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Question Number: 33667

Law 12 - Fouls and Misconduct 9/23/2019

RE: Adult

Pete of Gloucester, Gloucestershire Uk asks...

In Sundays Chelseas Liverpool game the challenge by Adrian on Tammy Abraham. Why was this not a penalty? Full contact by his knees into Abrahams shoulder. If a defender did this challenging for a header it would, in my mind, have been a definite foul & card. Also should VAR have reviewed it? I dont support either side.

Answer provided by Referee Richard Dawson

Hi Pete ,
do you have a link to a video or image that shows the incident? I did not see it clearly on the review video I watched? The VAR only looks at a blatant oversight. Chances are the referee was looking at this and decided no, Var saw no reason to review. Must have gone to ground too easily and the contact was deemed minimal Sorry, perhaps one of my colleagues watched the match & is aware of the situation you refer to? Cheers



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Answer provided by Referee Joe McHugh

Hi Pete
I believe that looking at other games that there seems to be a policy of not calling possible penalties when it looks like the player has gone to ground easily on contact or the referee has a clear uninterrupted view and it is a judgement call . VAR would have reviewed it as ALL incidents are reviewed.
Was the contact enough to merit a foul or was it a coming together. Obviously the referee thought there was not and VAR no doubt looked at it and agreed with the no call decision.
In the Burnley v Norwich game at the weekend there was also a call involving Barnes of Burnley on what looked like a contact penalty. Again there was contact yet was it enough to have brought down the player? VAR no doubt reviewed that as well and no call was made.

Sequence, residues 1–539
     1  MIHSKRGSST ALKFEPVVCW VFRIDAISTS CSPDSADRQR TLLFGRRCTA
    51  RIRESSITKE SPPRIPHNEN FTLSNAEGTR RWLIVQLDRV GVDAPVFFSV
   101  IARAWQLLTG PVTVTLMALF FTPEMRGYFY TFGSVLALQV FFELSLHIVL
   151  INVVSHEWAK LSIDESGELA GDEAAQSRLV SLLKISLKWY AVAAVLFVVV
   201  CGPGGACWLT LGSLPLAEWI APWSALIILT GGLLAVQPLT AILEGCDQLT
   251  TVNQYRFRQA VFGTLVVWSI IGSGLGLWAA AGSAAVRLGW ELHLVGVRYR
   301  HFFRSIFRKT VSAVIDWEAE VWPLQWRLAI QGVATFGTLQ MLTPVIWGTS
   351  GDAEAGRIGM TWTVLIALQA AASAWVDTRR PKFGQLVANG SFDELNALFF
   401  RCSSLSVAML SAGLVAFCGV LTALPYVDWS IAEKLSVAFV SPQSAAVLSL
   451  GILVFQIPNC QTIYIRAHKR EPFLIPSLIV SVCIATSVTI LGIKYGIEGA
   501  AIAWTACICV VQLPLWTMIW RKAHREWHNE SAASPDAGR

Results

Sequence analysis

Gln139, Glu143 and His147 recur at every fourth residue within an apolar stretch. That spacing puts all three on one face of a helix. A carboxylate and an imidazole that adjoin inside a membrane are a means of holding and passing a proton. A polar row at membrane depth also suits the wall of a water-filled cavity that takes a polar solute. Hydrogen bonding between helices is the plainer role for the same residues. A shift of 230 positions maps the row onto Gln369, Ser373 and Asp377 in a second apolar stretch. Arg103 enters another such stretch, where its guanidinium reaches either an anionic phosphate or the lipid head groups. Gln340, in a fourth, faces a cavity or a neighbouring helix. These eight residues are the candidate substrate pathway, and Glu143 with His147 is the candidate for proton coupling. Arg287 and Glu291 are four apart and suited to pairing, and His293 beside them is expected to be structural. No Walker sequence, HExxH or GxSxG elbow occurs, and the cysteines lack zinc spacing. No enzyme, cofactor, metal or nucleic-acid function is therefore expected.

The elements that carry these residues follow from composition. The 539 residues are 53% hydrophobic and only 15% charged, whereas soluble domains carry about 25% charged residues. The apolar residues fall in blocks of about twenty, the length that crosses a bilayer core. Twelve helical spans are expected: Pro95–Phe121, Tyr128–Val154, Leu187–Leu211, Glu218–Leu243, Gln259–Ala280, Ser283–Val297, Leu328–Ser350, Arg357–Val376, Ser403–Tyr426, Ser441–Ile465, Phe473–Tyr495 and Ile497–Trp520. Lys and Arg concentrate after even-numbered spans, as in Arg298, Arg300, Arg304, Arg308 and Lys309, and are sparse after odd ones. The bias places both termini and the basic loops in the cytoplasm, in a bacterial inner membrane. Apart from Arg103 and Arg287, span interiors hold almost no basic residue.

For what it is worth penalties are very big decisions in games. My threshold on penalties is high and I do not go with soft penalty claims particularly when I feel the player is going to ground easily. With the growth of simulation and engineered fouls I think referees are now taking a stronger approach with no calls when there is *light*contact or where there is a coming together caused by both players.
Also on aerial contacts involving players and goalkeepers these tend to be viewed as coming together of players when there is no obvious clear *foul* contact.






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Answer provided by Referee Peter Grove

Hi Pete,
While I would agree that this was very possibly a foul, not giving it was not such a clear and obvious error that I would say it should have been subject to a VAR review. Remember, the question being asked is not 'was the decision correct?' but 'was the decision clearly and obviously wrong?'

Of course, having said that it is becoming increasingly apparent that in the EPL there is no referee's judgement call that is clearly and obviously wrong enough to be subject to VAR review, no matter how blatant of an error it might be.



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